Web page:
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Sunday, May 08, 2016

World War II redux in the nuclear age

http://indiatogether.org/world-war-ii-redux-in-the-nuclear-age-op-ed

Media reported that at the late April culmination of the Mathura based 1 Corps Exercise Shatrujeet, the parachute brigade comprising 3000 soldiers was air dropped from the heavy-lift C-17 Globemaster-III, C 130 J Hercules, IL 76 and Antonov 32 aircrafts ‘deep inside the enemy's territory’.
The media goes on to quote Major General PC Thimmaya, the divisional commander of Red Eagle Division which is part of the corps being exercised, as saying that it was ‘somewhat closer to what the allied forces did against Germany in the World War II’. He reportedly said, "It reaffirms the Indian Army's strike capabilities with impunity." 

FOR FULL ARTICLE SEE http://indiatogether.org/world-war-ii-redux-in-the-nuclear-age-op-ed

In his reference to World War II, Maj Gen Thimmaya perhaps had the popular image in mind right out of Operation Market Garden. In that battle, Gen Sir Brian Horrocks XXX Crops led Montgomery’s 21st Army Group across Netherlands into Germany. 

FOR FULL ARTICLE SEE http://indiatogether.org/world-war-ii-redux-in-the-nuclear-age-op-ed

The second image is of the fabled drop of the parachute battalion, 2 Para, at Tangail in a bid to hasten the dash for Dacca. The Paras were to cut off a retreating Pakistani brigade at a river bridge. The urgency of reaching Dacca owed to rumours of the American 7th Fleet setting sail from the Pacific for the Bay of Bengal. Ending the war with the early capture of Dacca became priority, whereas the initial war plan was only to capture enough territory to set up a Bangladeshi government.
The third image conjured up is from Gulf War I in which the US military doctrine of the Cold War years, the AirLand battle – combined air and ground operations – was tested. General ‘Stormin’ Norman’ Shwarzkopf’s Operation Desert Storm  had as its trump card the ‘Hail Mary’ maneuver. 

FOR FULL ARTICLE SEE http://indiatogether.org/world-war-ii-redux-in-the-nuclear-age-op-ed

Finally, there is one more scenario, albeit a fictional one. General ‘Paddy’ Padmanabhan post retirement put his thoughts into his somewhat ambitiously titled book, The Writing on the Wall: India Checkmates America 2017

FOR FULL ARTICLE SEE http://indiatogether.org/world-war-ii-redux-in-the-nuclear-age-op-ed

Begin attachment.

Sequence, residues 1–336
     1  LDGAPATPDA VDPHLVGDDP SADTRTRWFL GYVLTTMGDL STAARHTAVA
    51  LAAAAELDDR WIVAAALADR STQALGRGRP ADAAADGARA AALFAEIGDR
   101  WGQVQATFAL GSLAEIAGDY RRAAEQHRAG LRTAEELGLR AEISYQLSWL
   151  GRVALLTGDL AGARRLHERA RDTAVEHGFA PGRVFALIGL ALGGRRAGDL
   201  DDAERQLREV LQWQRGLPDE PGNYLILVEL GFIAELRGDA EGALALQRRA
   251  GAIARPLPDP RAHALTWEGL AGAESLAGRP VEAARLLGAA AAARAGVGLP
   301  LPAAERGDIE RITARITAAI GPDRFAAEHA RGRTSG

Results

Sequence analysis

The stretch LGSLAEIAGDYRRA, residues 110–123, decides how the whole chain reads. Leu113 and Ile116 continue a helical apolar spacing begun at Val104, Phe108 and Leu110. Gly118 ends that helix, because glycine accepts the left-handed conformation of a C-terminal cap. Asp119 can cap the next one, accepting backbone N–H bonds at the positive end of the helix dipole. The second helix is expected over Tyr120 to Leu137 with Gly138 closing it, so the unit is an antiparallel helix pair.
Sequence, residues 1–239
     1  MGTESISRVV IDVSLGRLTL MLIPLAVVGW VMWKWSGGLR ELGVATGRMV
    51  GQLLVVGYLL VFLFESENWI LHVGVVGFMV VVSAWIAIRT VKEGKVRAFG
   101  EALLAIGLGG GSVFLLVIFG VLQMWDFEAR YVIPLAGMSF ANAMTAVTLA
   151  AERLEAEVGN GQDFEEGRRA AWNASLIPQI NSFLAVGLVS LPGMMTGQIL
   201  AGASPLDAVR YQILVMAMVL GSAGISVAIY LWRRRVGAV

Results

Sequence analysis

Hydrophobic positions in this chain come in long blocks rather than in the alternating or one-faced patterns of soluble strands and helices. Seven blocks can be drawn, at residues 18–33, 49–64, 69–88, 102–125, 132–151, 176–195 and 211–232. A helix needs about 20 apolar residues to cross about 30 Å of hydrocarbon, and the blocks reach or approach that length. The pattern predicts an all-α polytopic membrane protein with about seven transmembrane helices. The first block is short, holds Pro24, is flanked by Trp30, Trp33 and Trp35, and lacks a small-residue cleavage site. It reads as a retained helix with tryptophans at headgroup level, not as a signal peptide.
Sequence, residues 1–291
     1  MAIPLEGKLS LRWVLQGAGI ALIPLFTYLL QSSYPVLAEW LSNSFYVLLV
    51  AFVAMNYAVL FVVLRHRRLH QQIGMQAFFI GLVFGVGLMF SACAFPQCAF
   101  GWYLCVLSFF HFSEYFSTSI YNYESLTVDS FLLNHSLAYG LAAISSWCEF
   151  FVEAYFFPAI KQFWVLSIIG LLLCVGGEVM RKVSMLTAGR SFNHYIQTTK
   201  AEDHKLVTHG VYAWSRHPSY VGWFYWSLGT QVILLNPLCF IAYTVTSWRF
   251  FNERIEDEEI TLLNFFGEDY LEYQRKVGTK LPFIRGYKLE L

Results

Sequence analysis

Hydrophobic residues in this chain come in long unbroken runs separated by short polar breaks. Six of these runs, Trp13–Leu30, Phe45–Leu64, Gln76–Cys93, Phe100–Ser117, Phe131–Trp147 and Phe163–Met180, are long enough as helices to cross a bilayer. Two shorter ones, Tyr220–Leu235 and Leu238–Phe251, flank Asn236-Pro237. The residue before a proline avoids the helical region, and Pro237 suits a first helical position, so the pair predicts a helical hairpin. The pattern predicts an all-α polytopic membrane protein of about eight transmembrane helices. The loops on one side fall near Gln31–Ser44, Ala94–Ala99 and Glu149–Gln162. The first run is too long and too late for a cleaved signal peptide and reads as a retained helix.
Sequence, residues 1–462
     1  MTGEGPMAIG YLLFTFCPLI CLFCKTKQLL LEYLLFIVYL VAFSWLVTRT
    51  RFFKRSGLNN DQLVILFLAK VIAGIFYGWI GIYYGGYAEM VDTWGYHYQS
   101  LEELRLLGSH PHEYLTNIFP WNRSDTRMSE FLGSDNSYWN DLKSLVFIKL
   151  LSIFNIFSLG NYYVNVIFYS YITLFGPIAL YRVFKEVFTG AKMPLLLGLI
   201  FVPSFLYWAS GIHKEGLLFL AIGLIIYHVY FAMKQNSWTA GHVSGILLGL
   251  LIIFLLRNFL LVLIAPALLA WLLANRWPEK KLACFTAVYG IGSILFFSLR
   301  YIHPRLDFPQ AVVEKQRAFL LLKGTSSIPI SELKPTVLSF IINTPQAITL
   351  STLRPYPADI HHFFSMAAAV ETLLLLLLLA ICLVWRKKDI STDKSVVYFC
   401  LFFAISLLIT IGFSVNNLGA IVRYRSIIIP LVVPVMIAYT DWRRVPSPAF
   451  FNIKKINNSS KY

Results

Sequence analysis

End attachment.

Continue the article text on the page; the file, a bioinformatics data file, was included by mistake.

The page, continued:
The four scenarios need to be seen against the single most significant factor in crisis and conflict today, the nuclear factor.
A World War II Operation Market Garden like scenario presumably would enable the strike corps 1 Corps, known to operate under the South Western Command, to gain the green belt astride River Indus once it gets past the semi-developed terrain opposite northern Rajasthan. To expect that this can be done with ‘impunity’ – presumably implying lack of nuclear threat or response from Pakistan – is self-delusional.
The second scenario has the Paras enabling quicker war termination on advantageous terms. In 1971 War, the war aims expanded in scope with the success achieved by forces on the ground. If the Paras, now designated as Special Forces, are to be so employed today, they risk a quicker lowering of the nuclear threshold by Pakistan.

FOR FULL ARTICLE SEE http://indiatogether.org/world-war-ii-redux-in-the-nuclear-age-op-ed

The paradox is that the closer India gets to conventional military success the more vulnerable it gets to nuclear deterrence failure.

The third scenario resembles closest the possible employment of the parachute brigade practiced in Exercise Shatrujeet. 

FOR FULL ARTICLE SEE http://indiatogether.org/world-war-ii-redux-in-the-nuclear-age-op-ed

In his book, Paddy has the army cutting into Sindh. This can be enabled by the parachute brigade deploying ahead in ‘pivots’ or defended areas in enemy territory to, for instance, prevent counter poising movement by Pakistan’s reserves. This could enable the strike corps to strike deep. Alternatively, it can be landed in aid of Baluch rebels further to the rear of Pakistani forces. If Pakistan’s posturing of its tactical nuclear weapons is to be taken seriously, such attempts would trigger its nuclear response. Not to take it seriously is to seriously misread nuclear weapons.
Finally, is the seemingly benign scenario in which Indian – and US – Special Forces take over Pakistan’s nuclear arsenal. 

FOR FULL ARTICLE SEE http://indiatogether.org/world-war-ii-redux-in-the-nuclear-age-op-ed

... it could trigger unpredictable consequences. Pakistan’s paranoia dates to the supposed Indian-Israeli threat to its nuclear status of the early eighties. Pakistan is already on record threatening retaliation towards India, whatever the source of the threat.
This analysis suggests that having the capability of deploying a para brigade into battle, howsoever impressive, is not an unmixed blessing. The intent is perhaps to deter Pakistan by showing it that India can dismember it once again as was done in 1971, irrespective of its tactical nuclear weapons.

However, ‘Shatrujeet’ - the exercise name - means ‘one who conquers enemies’. Attempting such conquest now is only to risk mutual defeat. That this has not been grasped fully by the Indian military suggests that India has not quite moved into the twenty first century and the nuclear age.

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